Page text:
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From: David Gruener (David.Gruener_at_[hidden])
Date: 2006-05-16 04:16:05

Asger Mangaard wrote:
>>The 'inline' keywords are useless (implicit inline), at least on
>>conforming compilers.
> The inline keyword is used to allow compliance also with non-conforming
> compilers.

I'm curious: which compiler?
I don't see any boost library following this convention.

> Fixed. Sorry. The C prefix is just the code convention I've always used.
> If it's vital, I'll change it.

Ok. :-)
But the most important issue is the motivation, i.e.
you still need to provide (empty) definitions members and functions.
Thus, for me, this utility doesn't by much beside the const correctness.
(You need an indirection when using raw pointer or reference.)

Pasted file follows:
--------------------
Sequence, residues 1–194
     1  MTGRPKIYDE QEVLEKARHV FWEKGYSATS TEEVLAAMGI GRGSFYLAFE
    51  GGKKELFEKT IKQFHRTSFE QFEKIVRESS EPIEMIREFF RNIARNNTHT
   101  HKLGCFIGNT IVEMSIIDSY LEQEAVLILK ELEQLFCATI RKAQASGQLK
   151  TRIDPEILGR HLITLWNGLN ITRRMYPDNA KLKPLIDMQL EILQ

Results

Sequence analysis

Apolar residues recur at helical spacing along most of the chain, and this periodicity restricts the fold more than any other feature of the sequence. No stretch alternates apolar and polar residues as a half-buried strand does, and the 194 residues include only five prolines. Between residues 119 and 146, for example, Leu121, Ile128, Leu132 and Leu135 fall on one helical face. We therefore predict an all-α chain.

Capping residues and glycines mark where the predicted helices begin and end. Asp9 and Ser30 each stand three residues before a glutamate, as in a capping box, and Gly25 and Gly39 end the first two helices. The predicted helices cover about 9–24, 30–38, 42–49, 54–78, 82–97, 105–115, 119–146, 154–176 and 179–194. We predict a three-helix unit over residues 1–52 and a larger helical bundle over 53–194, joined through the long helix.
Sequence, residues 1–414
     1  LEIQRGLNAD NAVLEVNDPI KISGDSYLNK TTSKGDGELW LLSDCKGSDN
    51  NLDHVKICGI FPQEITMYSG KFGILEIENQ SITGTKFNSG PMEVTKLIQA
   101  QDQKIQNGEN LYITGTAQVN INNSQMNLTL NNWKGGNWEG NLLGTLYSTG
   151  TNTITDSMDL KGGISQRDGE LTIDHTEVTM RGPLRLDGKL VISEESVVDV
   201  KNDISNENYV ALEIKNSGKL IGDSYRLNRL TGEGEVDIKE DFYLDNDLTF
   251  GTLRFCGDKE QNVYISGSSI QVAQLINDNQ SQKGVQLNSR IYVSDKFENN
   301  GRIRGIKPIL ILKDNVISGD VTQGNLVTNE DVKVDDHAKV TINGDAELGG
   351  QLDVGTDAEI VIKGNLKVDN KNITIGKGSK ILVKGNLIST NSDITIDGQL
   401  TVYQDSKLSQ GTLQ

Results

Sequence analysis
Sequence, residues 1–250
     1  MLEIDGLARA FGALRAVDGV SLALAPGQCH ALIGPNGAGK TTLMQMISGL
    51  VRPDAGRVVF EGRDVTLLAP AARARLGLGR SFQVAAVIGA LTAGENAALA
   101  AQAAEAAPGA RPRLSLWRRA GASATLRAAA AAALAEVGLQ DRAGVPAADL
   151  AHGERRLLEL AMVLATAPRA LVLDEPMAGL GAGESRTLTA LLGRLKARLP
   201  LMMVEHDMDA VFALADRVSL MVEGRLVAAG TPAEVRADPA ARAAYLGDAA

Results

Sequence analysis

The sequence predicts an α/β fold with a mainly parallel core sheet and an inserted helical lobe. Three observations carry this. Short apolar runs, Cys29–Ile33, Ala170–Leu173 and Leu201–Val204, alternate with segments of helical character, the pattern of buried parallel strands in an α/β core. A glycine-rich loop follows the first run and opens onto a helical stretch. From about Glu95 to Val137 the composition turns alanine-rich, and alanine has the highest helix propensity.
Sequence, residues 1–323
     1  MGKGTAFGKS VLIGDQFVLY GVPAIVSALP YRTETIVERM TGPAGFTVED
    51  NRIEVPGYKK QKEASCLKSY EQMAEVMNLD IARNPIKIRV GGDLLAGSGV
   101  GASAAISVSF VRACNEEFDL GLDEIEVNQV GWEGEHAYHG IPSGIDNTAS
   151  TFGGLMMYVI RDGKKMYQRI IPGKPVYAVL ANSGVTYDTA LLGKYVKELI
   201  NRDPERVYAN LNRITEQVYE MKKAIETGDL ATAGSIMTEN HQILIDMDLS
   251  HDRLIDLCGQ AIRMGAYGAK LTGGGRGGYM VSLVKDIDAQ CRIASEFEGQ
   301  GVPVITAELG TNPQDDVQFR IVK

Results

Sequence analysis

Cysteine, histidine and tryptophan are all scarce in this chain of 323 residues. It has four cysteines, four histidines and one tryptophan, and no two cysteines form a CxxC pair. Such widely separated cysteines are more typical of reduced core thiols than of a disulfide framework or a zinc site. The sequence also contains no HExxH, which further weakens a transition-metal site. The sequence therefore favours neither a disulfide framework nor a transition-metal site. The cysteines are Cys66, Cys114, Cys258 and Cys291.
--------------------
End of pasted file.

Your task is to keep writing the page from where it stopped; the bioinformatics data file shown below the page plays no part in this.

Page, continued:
I prefer stating e.g., Foo::Foo(Foo const& other) : priv_(*other.priv_) { }
instead of _empty and required_ Ctors and functions, but others
might think different.
   If you can address the issue of the out-of-line definitions in any way,
that would be the step in the right direction, while i feel that this
is not possible with a greedy approach, because it always boils down
to the point that the implementation file holds the struct.


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